Understanding how to achieve a correctly exposed photograph is one of the fundamental necessities of photography. Fortunately, understanding how to accomplish this is not a complicated lesson to learn. The exposure triangle is a concept that will help you grasp how cameras exposure settings interact together to achieve a balanced exposure. What You Need To Know About The Exposure Triangle
1. What Is The Exposure Triangle?
The exposure triangle (or exposure value) determines the amount of light exposed to the film or camera sensor. The exposure triangle consists of 3 elements:
- Shutter speed
To achieve a correctly exposed photograph, all 3 of these elements must work in harmony with one another. In most cases, a correctly exposed image will have an EV rating of 0 in the cameras metering mode.
When one of these settings is changed, another or both must be changed to regain balance.
2. The 3 Elements Of The Exposure Triangle
2.1. Shutter Speed
This element refers to the length of time a camera’s shutter remains open. Shutter speed is expressed as a unit of time and will increase or decrease in halves. For example, a setting of 1/250 means the camera’s shutter will remain open for 250th of the second. One stop below 1/250 is 1/125, and one stop above 1/250 is 1/500. Either half or double the amount of time of 1/250.
A high shutter speed setting is crucial to freeze subjects in motion. However, in low light conditions, it can be challenging to achieve a high shutter speed. This is because the film or sensor must be exposed to more light to create a correct exposure.
The aperture refers to the amount of light that is allowed to enter the camera. This setting is controlled by a system of blades inside the lens. Which creates a circle that can be made wider or narrower. The size of this opening is measured in f-stops.
The larger the f-stop f16, the narrower the aperture and the less light it permits to enter the camera. Alternatively, the smaller the f-stop f5.6, the wider the circle will be. Allowing more light to enter the camera.
Aperture also has a direct relation to the depth of field. In other words, the amount of blurring or bokeh in the image. When shooting landscape photography, the f-stop of a camera will always be high to create tac-sharp images. Whereas in portraiture, a low f-stop will be used to isolate a subject against a blurry background.
The international organisation of standardisation or ISO refers to the level of sensitivity the film or sensor has to light. This setting is expressed as a number.
It is significant to note the difference between ISO in film and digital photography. In film photography, the film has a predetermined ISO. Whereas, in digital photography, it is possible to set the ISO for each individual image.
The higher the ISO, the more sensitive to light the photograph will be. However, increasing the ISO will also increase the level of noise in an image. For this reason, it is best to shoot in the lowest possible ISO settings attainable for a scene.
3. How To Use The Exposure Triangle
To fully comprehend the exposure triangle, one must grasp the fundamental concept of light stops. A light stop is simply a measurement of light. Each time a stop is adjusted, the camera doubles or halves the amount of light it exposes to the film or sensor.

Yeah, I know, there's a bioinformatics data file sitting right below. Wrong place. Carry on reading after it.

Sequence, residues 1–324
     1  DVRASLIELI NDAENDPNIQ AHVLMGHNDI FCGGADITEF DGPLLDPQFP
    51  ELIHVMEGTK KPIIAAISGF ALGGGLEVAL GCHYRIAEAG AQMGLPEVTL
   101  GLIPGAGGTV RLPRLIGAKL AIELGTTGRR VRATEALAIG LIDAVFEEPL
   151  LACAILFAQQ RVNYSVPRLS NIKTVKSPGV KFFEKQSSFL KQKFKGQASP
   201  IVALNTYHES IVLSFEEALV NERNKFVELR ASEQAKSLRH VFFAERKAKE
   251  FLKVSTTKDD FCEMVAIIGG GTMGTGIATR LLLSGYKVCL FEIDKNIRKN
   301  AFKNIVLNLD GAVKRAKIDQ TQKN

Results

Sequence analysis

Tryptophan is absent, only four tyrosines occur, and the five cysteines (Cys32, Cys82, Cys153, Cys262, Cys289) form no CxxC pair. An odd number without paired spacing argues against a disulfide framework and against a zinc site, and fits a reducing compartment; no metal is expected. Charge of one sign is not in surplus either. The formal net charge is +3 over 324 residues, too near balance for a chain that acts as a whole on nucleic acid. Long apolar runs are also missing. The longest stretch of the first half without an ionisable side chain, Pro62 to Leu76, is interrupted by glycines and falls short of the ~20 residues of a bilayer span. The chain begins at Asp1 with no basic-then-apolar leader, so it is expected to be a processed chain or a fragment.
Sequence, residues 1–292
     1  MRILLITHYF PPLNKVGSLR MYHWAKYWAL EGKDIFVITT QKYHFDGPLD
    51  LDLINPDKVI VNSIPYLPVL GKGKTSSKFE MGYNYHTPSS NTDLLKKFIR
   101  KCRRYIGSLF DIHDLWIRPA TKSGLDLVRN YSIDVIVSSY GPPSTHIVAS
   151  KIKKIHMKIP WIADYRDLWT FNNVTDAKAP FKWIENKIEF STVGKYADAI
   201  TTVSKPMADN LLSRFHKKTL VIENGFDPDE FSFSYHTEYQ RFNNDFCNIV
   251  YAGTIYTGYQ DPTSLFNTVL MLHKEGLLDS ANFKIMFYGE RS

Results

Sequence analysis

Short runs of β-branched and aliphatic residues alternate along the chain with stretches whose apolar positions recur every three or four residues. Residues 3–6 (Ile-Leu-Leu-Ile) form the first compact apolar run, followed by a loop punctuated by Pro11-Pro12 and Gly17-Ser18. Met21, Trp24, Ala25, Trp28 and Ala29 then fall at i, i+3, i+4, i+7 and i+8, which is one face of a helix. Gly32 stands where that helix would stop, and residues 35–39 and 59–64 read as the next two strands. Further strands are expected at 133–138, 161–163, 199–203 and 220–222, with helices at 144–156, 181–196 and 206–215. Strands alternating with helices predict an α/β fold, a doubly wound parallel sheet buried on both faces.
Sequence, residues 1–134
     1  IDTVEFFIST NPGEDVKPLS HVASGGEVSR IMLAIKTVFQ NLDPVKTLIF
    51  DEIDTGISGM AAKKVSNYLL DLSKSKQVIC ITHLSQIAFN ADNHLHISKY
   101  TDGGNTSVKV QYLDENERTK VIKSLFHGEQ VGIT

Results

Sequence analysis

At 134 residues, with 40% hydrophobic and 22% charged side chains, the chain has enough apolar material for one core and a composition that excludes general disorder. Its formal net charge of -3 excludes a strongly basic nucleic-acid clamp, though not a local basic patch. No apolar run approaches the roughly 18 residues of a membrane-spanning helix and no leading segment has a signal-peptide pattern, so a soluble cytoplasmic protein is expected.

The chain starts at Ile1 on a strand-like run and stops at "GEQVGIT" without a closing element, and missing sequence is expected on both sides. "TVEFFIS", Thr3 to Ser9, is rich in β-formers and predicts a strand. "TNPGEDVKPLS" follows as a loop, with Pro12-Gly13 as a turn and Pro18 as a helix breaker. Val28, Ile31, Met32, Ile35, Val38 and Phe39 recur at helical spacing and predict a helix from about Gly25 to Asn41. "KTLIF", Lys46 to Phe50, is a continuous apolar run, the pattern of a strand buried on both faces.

For example, when a cameras shutter speed is halved from 1/125 to 1/60, it reduces the amount of light exposed to the film or sensor by half. Also, by increasing the ISO from 200 to 400, the camera doubles the amount of light exposed. The aperture doesn’t relate to a decisive measurement. However, it is still measured by stops that can be used with ISO and shutter speed to achieve a balanced exposure.
The purpose of the exposure triangle is to always maintain balance (unless one wishes to achieve creative effects such as motion blur). A simple explanation is that if the camera has an EV measurement of 0 (meaning a balanced exposure), and the shutter speed is increased 2 stops from 1/60 to 1/250, then 2 other stops must be adjusted to rebalance the triangle.
These adjustments can be made in either the ISO, aperture or both. If adjusting only one setting, a correction of two stops must be made. On the other hand, altering one stop from both the ISO and Aperture could also be made to regain balance.
In this instance, the camera’s shutter speed has been increased. This means there is less light being exposed to the sensor. To overcome this imbalance the aperture could be opened by two f-stops, which will allow more light to enter through the lens. Or the f-stop could be decreased by one stop, and the ISO raised by one.
Hopefully, this explanation of the exposure triangle has given you a better understanding of the relationships shared by the ISO, aperture, and shutter speed settings.
As always, there is no better substitute in photography than to practice. After reading this article, it is advisable to take your camera and place it on a tripod or flat surface and switch it into manual mode. Once you have achieved a balanced EV of 0, start adjusting the exposure and regain the EV balance by altering the other settings.
Don’t worry if it does not make sense straight away. Like all things, it will come in time and with practice. Be patient, and before long, the camera settings will become second nature to you, and you will start achieving some spectacular results.
What You Need To Know About The Exposure Triangle, What You Need To Know About The Exposure Triangle